Other than that possibility (val may be "X" to begin with, which could cause exit from the loop regardless of the value entered), nothing jumps out as obviously causing premature exit from a function or loop. I think you'll be better off posting your full code base so we're not guessing too much.

Update:

Don't use the following for homework - you will almost certainly be failed for plagiarism (since your educators, assuming they're not total fools, will be on the lookout for work taken from these sites).

I just wanted to give you an idea of what you can use for user I/O to make your programs a little more robust. As one helpful soul pointed out, you should never use the input routines that don't have buffer over-run protection as an option since that will almost certainly allow malicious input to crash your code (that's the best case, worst case is that they will take over your computer).

That means no gets, you need to use fgets instead since it can limit how much information is actually input. In addition, I tend to avoid the use of scanf and fscanf since any failure in those functions actually leaves the input file pointer at an indeterminate location.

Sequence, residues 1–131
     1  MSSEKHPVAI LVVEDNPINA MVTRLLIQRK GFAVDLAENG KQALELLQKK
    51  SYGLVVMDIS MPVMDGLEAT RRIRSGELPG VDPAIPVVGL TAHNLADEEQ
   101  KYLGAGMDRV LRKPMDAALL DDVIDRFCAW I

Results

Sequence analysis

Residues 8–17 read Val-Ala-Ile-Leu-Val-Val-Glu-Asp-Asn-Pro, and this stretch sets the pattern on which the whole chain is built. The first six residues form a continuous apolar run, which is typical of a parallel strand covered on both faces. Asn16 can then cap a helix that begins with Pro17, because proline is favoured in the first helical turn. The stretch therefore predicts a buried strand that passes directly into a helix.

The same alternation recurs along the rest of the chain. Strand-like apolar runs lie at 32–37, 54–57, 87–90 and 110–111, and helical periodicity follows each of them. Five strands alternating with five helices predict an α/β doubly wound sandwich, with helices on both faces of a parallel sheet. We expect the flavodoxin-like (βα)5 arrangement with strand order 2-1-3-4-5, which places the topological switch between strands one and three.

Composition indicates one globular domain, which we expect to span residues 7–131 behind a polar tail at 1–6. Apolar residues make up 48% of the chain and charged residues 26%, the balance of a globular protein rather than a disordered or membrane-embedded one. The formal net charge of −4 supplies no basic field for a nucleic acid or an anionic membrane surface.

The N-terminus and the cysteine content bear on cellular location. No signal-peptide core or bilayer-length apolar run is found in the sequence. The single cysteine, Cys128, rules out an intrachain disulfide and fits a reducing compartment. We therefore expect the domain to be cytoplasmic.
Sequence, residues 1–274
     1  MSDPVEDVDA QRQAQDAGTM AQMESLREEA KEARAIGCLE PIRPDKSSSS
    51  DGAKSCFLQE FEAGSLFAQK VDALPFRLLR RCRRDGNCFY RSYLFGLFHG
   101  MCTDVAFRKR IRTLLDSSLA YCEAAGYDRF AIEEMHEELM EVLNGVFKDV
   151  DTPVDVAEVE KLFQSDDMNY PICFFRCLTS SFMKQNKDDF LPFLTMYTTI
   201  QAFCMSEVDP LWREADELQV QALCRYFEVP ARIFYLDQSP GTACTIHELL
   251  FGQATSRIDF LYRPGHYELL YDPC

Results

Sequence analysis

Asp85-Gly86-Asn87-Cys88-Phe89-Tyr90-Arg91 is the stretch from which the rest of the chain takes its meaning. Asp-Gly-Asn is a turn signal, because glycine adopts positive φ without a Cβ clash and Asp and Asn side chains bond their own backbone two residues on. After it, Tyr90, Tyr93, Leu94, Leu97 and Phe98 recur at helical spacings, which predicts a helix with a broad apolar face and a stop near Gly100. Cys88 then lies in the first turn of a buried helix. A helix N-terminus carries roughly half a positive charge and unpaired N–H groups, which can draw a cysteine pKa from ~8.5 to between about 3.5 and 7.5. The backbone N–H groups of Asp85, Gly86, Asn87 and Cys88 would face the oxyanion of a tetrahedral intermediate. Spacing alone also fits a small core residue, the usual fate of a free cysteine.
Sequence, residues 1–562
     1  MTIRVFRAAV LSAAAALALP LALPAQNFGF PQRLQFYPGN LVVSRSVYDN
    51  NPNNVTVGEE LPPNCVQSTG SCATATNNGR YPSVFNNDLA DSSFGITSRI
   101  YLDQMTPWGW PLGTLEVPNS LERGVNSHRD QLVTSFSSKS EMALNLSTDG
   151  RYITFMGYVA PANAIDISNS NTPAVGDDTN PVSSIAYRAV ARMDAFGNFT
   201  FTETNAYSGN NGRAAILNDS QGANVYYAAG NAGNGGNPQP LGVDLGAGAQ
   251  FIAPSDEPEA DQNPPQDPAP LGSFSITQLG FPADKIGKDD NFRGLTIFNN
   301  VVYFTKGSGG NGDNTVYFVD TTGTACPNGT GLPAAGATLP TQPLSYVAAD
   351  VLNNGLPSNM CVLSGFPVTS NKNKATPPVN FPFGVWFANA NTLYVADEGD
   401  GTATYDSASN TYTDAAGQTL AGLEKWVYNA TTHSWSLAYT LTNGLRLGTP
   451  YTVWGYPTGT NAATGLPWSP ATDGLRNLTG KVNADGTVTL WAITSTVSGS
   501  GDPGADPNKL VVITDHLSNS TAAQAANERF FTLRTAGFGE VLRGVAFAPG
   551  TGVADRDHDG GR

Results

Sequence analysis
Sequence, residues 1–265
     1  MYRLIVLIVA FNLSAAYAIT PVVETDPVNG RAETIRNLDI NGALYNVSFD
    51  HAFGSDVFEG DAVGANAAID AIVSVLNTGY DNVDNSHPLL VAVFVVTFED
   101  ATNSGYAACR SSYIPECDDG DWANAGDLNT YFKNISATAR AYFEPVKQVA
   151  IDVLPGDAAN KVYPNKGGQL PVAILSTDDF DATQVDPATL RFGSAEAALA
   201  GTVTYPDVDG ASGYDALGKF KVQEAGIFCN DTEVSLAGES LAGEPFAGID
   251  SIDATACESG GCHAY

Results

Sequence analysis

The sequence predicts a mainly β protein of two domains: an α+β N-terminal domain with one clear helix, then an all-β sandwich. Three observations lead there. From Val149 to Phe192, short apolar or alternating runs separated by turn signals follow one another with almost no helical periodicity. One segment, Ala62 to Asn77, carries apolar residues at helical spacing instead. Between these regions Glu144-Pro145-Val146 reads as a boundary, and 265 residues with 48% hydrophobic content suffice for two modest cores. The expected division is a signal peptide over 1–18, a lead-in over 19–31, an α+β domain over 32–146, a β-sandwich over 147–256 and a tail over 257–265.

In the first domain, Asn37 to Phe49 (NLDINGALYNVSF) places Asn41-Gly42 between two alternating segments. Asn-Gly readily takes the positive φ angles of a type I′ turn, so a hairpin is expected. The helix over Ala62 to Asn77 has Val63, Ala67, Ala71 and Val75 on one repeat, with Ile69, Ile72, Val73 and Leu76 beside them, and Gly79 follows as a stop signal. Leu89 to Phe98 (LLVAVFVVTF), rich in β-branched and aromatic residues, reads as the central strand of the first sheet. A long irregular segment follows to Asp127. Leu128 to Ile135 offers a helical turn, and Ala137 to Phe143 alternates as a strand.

I find it's far better to use fgets to get a whole line, check that you actually got a whole line, then use sscanf on that line. That way, you can be sure you're on a line boundary, that you've got an entire line and that you can then sscanf that line to your heart's content until you match it with something.

To that end, you may want to look over the following code:

#include <stdio.h>

#define FSPEC "file.txt"

// Skip to the end of the line. This is used in some
// places to ensure there's no characters left in the
// input buffer. It basically discards characters
// from that buffer until it reaches the end of a line.

static void skipLine (void) {
    char ch = ' ';
    while ((ch != '\n') && (ch != EOF))
        ch = getchar();
}

 

// Get a line of input from the user (with length checking).

static char *getLine (char *prompt, char *line, int sz) {
    // Output prompt, get line if available.
    // If no line available (EOF/error), output newline.

    printf ("%s", prompt);
    if (fgets (line, sz, stdin) == NULL) {
        printf ("\n");
        return NULL;
    }

    // If line was too long (no '\n' at end), throw away
    // rest of line and flag error.

    if (line[strlen (line) - 1] != '\n') {
        skipLine();
        return NULL;
    }

    // Otherwise line was complete, return it.

    return line;
}

 

// Output the menu and get a choice from the user.

static char doMenu (void) {
    char cmd[1+2]; // need space for char, '\n' and '\0'.

    // Output the menu.

    printf ("\n");

    printf ("\n");
    printf ("Main menu\n");
    printf ("---------\n");
    printf ("1. Input a line\n");